3. hey thanks for coming along and being a good sport. I agree that the number of bakeries could be reduced. We had 13 stops last year (!) and I cut it down to 10 on this iteration. We could probably reduce it further to 8 (ie. drop Iggy's or Hi-Rise and maybe drop Vanille) but I like the ride both as a bakery survey and as a general ride around the Metropolitan area, and reducing the number any further will mean dropping whole towns from the itinerary. We could also probably good back to planning on having it in late summer instead of mid-fall, as that got more people out and willing to do the ride. When there were more riders last year, it was much easier to split items or sit out certain stops and that helped with keeping us from getting stuffed.

    as for favorite croissants - I think it depends on the context: ie. for immediate consumption? to bring back home and have later in the day? to bring home and eat tomorrow or sometime this week?

    For immediate consumption, I still prefer Clear Flour and Quebrada's to theirs. I think it's also important to remember that pastry has a specific shelf life that, once it expires, results in a steep drop-off in the quality of the product. When I used to have to ride down to South Boston for a client project, I loved stopping at the South End Buttery for their croissant egg sandwiches, and then was mystified last year when we stopped there last year and had some disappointing croissants. But then, that was near mid afternoon and it's likely that those croissants had been sitting in a lit up display case for several hours. Same thing happened at Vanille this past weekend.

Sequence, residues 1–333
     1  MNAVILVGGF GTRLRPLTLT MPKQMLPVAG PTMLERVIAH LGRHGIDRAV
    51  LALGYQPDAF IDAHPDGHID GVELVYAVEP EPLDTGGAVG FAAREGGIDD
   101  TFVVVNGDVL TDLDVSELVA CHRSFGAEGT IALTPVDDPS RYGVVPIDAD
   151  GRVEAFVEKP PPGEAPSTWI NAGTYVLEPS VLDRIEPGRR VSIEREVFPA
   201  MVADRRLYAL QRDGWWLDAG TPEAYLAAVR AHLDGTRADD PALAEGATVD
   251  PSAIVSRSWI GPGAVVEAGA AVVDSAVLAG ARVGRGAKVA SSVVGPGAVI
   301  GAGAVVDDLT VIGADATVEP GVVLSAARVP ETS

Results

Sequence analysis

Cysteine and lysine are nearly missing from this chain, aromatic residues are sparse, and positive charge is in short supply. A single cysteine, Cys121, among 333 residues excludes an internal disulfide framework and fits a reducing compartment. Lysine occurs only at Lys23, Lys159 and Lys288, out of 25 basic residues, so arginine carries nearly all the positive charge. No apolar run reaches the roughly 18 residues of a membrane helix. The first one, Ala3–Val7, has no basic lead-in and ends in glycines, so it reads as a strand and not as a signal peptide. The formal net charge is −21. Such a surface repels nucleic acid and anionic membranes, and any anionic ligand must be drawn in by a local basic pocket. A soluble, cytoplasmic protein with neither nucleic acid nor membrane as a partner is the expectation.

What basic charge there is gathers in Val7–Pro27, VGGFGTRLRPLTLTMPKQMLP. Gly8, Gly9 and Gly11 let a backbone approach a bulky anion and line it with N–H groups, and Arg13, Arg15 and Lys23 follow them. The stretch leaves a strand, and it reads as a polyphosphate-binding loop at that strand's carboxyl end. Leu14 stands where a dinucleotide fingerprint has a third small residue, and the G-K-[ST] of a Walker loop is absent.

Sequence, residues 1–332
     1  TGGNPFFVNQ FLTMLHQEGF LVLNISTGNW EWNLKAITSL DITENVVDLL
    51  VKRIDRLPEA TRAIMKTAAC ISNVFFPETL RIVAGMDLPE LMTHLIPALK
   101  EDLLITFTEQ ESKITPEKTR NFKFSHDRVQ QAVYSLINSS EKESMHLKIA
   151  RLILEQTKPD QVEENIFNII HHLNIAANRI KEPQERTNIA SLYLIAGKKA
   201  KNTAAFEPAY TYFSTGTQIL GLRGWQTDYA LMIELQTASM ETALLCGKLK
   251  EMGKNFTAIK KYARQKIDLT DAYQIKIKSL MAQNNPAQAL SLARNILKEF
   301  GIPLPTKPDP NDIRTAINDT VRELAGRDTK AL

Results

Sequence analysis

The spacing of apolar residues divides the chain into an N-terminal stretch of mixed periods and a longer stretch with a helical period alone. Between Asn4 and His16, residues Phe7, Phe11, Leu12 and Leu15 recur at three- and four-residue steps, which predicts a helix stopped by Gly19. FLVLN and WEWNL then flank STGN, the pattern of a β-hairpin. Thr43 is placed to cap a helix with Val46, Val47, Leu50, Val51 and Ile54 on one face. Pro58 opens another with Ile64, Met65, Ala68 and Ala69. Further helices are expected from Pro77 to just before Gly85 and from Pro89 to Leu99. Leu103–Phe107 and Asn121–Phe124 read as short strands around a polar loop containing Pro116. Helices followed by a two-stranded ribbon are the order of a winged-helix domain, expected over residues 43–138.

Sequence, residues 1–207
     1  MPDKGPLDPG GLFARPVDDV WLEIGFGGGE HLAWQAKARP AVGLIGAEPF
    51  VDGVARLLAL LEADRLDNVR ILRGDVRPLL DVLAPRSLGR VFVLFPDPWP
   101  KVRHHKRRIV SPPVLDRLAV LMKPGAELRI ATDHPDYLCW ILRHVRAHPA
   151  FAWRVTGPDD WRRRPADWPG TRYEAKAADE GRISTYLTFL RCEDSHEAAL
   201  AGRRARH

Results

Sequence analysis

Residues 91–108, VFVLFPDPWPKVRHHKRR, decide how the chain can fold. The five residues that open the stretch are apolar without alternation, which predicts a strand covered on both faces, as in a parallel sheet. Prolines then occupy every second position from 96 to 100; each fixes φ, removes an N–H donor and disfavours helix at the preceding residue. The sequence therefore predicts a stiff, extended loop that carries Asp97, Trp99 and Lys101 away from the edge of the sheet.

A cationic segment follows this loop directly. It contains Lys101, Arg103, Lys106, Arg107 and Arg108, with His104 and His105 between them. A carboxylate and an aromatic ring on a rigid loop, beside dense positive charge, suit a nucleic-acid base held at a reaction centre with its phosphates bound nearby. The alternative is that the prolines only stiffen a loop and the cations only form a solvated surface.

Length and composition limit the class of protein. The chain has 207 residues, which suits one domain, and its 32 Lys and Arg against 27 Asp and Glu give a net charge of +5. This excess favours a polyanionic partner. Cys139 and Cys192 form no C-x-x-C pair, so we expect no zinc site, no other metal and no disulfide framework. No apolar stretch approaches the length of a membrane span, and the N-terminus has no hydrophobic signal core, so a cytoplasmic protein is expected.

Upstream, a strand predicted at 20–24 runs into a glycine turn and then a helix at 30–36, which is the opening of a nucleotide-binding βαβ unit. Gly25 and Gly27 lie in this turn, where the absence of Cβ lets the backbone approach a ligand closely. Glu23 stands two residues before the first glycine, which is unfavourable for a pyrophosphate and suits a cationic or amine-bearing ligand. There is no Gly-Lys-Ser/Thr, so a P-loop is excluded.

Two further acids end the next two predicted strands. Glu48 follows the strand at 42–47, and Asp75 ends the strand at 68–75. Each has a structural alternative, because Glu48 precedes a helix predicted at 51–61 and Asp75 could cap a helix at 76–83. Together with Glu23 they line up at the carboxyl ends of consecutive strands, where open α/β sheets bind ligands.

Bakeries like Quebrada and Clear Flour have enough turnover in inventory that whatever you're buying there is rather fresh ... but restaurant or cafes that get stuffed shipped in will be pretty much halfway to stale by the time they get put in the display case. So for eating later in the day, I agree with Cycler's Sel De La Terre pick as they seem to hold up over the course of an afternoon. I've also picked up Clear Flour croissants from Formaggio that had been sitting out for an entire day and found that they still retained a hint of their original crunch.

    But for something to have in the house that you can pull out for breakfast later in the week? Trader Joe's Frozen Croissants. You have to plan ahead a little because you need to let them thaw overnight; but otherwise, they're a fantastic option if you don't happen to live in Brookline or Arlington and could just stumble to a local bakery for your pastry fix.

  4. Hi-Rise has the best brown bread. I'm so hungry for pastry now.

  5. Though I love the theme of this ride in theory, in practice I would probably puke or pass out after the first couple of stops : )

    Interestingly, I have been only to a very few of the places along your route. I guess I need to get out more!

  6. what a lovely idea !

    btw, whose is that red bicycle outside Sofra?

  7. The Red Electra isn't one of ours- it's definitely an eye catcher.